Cyclists are a passionate lot about their cycling. That passion extends to strong opinions about what to call the thing we do on a bicycle. For many, “cyclist” evokes images of a youthful figure, clad in lycra and hunched over handlebars, hell bent for a distant finish line. The fact is that 70% of us don’t fit that image in terms of our relationship with a bicycle.
Don’t Say ‘Cyclists,’ Say ‘People on Bikes’–A group of Seattle-based safer streets advocates
I own a trike which is a low-slung (about 5 inches off the pavement) three-wheeler that makes it easier for a portly 50+ year-old to get some exercise. I could draw no inspiration from a two-wheeled bicycle with a seat that felt like the end of a baseball bat. As it turns out a Trike is great exercise, your legs and lungs give out before your butt, and you feel remarkably youthful cruising around as a Triker. The feeling of youthfulness, at least for me, comes from the illusion of speed created by the riders close proximity to the ground–15 MPH feels like 40 MPH, therefore 58 feels like 35! “Can I buy a trike that gets me even closer to the pavement?”, I asked recently in a trike forum.
Triker or Biker, we have great trail options in Kansas City. Our favorites are in Smithville. There are multiple trails that will soon encircle the lake. My wife and I have seen more than a few midwestern bike trails and it doesn’t get better than the trails on the lake just north of us. I have rounded a corner to see many a rare sight including owls, baby foxes, raccoon gangs, bobcats, coyotes, turkeys and their poults, and an elephant. Try Bonebender or Smoke and Davey. Both trailheads offer great parking and a feeling that you own the trail. In the summer you will pass through active camp grounds and the people are very friendly because they are probably armed. The trail is asphalt.
The Line Creek Trail is a beautiful run that is completely separated, nearly its entire length, from motorized traffic. Cars are not to be heard on much of the trail even though it goes through a well-developed area. It is a wide, smooth, concrete trail. A less obvious detail is that the best place to start your ride is behind Chuck E. Cheese in the large strip center complex between Ambassador and I-29 just off 152 Highway. This is the first time Chuck E. Cheese has been a landmark for bikers. For an adventure, ride through Riverside and its Casinos to the south and you can travel down the levee road to another trail that connects to Highway 9 into Parkville. I will update this if I can find the trail name and location online.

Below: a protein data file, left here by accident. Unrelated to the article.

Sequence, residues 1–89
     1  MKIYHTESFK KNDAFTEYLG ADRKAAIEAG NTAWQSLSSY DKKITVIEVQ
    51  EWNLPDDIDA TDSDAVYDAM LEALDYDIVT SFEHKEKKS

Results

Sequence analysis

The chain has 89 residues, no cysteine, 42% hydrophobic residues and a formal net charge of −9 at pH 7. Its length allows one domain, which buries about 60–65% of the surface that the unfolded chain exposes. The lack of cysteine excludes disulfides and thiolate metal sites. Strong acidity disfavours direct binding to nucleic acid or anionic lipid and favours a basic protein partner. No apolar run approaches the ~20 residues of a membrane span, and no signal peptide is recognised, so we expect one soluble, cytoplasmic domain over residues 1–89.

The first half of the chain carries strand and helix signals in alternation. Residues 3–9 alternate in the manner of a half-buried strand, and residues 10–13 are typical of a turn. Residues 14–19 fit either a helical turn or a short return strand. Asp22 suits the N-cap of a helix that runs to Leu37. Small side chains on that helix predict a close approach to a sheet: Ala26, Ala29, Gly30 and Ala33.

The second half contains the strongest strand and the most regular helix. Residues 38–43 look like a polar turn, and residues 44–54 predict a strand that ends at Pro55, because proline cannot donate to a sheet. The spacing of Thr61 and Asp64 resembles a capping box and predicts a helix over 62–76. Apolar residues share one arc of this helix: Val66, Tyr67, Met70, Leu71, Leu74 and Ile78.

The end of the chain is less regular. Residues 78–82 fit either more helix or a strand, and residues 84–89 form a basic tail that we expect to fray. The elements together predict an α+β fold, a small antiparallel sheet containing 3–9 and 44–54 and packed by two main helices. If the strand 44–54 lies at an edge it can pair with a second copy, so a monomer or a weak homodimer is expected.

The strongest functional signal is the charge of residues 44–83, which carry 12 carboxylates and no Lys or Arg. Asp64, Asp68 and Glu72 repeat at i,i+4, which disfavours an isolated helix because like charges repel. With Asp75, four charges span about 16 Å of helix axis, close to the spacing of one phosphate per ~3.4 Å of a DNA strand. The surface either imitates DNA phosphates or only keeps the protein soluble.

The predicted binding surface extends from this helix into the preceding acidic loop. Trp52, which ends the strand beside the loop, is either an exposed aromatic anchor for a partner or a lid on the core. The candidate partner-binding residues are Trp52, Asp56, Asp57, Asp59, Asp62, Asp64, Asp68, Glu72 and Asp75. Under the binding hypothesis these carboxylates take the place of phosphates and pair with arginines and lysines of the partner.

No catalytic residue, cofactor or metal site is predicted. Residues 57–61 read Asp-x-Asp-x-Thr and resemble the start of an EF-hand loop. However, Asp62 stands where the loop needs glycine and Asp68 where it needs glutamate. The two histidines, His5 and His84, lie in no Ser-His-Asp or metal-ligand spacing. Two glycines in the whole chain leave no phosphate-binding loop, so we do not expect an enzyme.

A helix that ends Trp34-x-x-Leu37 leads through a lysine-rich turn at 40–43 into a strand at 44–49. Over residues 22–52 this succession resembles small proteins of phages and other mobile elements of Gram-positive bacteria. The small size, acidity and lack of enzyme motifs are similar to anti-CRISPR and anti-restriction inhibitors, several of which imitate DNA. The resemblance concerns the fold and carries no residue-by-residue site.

Of course, I need to mention the new trail between Bridge Pointe and Maple Woods Community College. I go to this trail when I have a narrower window of time to exercise. It is short but you can do multiple round trips and you can dart in and out of a couple of extensions or turnouts. One warning: Walkers, walkers with dogs, and kids tend to be somewhat clueless about sharing this trail with bikers. You have texter-walkers and phone talker-walkers. You also have stroller-pusher-walkers with dual-axle buggies and ice chests bigger than couches. Then there are the doggie texter-talker-walkers with three dogs the size of lions, each on 20-foot leashes and two kids saddled up on each dog. Don’t get me started on the elephants. One night, I really thought Noah’s Ark had just pulled into the neighborhood. Don’t get me wrong, the world needs more kids, dogs, big ice chests, and elephants. Just be prepared with a warning bell as you approach these caravans from behind. Also, politely yell, “on your left!” because the main problem with these convoys is that they travel the middle of the trail–the political party equivalents of Independents.
Spring has busted out all over! Summer is almost upon us! If you are a person with a bike, you have a ticket to some KC fun. There are many more options than the three trails I have highlighted.
I would love to hear from my neighbors about these or other KC trails. Maybe we can team up for a ride?